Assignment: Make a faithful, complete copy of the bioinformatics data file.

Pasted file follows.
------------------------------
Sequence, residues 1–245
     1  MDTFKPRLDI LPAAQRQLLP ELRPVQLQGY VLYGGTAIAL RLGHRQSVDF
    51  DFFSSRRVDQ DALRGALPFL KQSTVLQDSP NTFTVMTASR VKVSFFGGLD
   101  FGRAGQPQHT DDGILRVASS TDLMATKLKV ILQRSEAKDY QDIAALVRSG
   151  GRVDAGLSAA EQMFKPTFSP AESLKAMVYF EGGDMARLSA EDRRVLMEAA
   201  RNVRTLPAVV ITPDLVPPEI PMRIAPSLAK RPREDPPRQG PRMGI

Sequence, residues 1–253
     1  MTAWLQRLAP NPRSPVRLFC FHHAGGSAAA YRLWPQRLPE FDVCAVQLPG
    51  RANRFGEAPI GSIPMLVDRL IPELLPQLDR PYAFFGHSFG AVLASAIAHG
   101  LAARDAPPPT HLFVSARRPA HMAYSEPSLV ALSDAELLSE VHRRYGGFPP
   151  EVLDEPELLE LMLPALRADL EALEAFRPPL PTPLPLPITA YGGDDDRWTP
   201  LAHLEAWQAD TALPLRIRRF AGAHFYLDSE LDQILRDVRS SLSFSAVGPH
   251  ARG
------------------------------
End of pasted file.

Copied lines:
Sequence, residues 1–245
     1  MDTFKPRLDI LPAAQRQLLP ELRPVQLQGY VLYGGTAIAL RLGHRQSVDF
    51  DFFSSRRVDQ DALRGALPFL KQSTVLQDSP NTFTVMTASR VKVSFFGGLD
   101  FGRAGQPQHT DDGILRVASS TDLMATKLKV ILQRSEAKDY QDIAALVRSG
   151  GRVDAGLSAA EQMFKPTFSP AESLKAMVYF EGGDMARLSA EDRRVLMEAA
   201  RNVRTLPAVV ITPDLVPPEI PMRIAPSLAK RPREDPPRQG PRMGI

Sequence, residues 1–253
     1  MTAWLQRLAP NPRSPVRLFC FHHAGGSAAA YRLWPQRLPE FDVCAVQLPG
    51  RANRFGEAPI GSIPMLVDRL IPELLPQLDR PYAFFGHSFG AVLASAIAHG
   101  LAARDAPPPT HLFVSARRPA HMAYSEPSLV ALSDAELLSE VHRRYGGFPP
   151  EVLDEPELLE LMLPALRADL EALEAFRPPL PTPLPLPITA YGGDDDRWTP
   201  LAHLEAWQAD TALPLRIRRF AGAHFYLDSE LDQILRDVRS SLSFSAVGPH
   251  ARG